By the time they are six, girls see themselves as less talented or "brilliant" as boys, according to research published in January 2017.

The report suggests that both girls and boys aged six tend to identify a "really, really smart" storybook character as a boy, not a girl.

"If all children read is about princesses waiting to be saved by a prince, then the message they learn is that women are not as valuable as men - that we are not equals," says Elena.

Image source, Ana Galvan
Image caption,
The life of Queen Elizabeth I of England explained in fairytale form.

The authors are not the first to try to address this issue.

In 2015, American psychologist Stephanie Tabashneck published a colouring book featuring girls of diverse ethnicities in high-profile jobs such as surgeon, professor and engineer, after she grew tired of seeing girls constantly depicted as princesses.

Princess Smartypants by Babette Cole is another example of a story that defies norms, according to education expert Prof Gemma Moss.

But Elena and Francesca believe that their emphasis on real-life rebellious women who challenged social norms gives an important message to children who frequently only read about fictional girls.

Image source, Kiki Ljung
Image caption,
American computer scientist Grace Hopper

"Historically women's achievements have been diminished," says Elena. "Rebels have negative connotations in all cultures - it is usually considered bad for a woman. Our message is that it is OK and even a good thing for women to break rules."

Feminist rally cry

Robyn Silverman, a child development expert in US state New Jersey, curls up every night with her children Tallie (eight) and Noah (six) to read stories from the collection.

She bought the book on the day that the feminist rally cry #StillShePersisted was born, after US Senator Elizabeth Warren was silenced in the Senate in February after reading a letter criticising Jeff Sessions, President Donald Trump's then-nominee for attorney general.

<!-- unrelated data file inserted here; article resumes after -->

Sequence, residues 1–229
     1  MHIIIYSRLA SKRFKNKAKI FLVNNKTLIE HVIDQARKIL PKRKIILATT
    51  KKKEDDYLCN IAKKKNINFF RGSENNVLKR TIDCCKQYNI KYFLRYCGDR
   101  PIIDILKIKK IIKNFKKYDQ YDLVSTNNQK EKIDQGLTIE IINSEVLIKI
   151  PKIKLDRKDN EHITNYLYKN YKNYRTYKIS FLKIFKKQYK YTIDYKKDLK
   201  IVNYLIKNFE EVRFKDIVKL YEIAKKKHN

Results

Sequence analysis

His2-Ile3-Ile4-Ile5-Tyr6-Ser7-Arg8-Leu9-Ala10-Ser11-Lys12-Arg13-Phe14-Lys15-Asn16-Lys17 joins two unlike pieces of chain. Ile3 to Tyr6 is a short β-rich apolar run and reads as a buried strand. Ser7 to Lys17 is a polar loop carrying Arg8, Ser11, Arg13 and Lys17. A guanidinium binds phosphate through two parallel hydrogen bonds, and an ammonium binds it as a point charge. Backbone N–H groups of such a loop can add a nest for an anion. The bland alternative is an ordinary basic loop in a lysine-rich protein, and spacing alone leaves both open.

"I wrote a dedication to Tallie telling her to always rise up," Robyn explains.

Image source, Robyn Silverman
Image caption,
Robyn Silverman dedicated the book to her daughter Tallie. It says 'Tallie, my sweet girl - they may try to stand in your way - they may tell you to sit down or be quiet. But always remember - rise up. Raise your voice. And above all - persist. Love, Mom

"She has already been told 'girls can't do this'.

"But in this book there are concrete examples of women who fought for girls' education when it was illegal, or who fought to vote when women were not allowed in politics - this shows to girls that whatever she is up against, we can overcome it," Silverman says.

Robyn says that her son also loves listening to the stories:

"It's really important because men need to see that women use their skills and pursue their dreams to make progress in the same way as men - it's not about saying women are better then men."

Elena says other parents told her how their young sons loved reading the book: "We need to start early and show children of a young age that men and women are absolutely equal."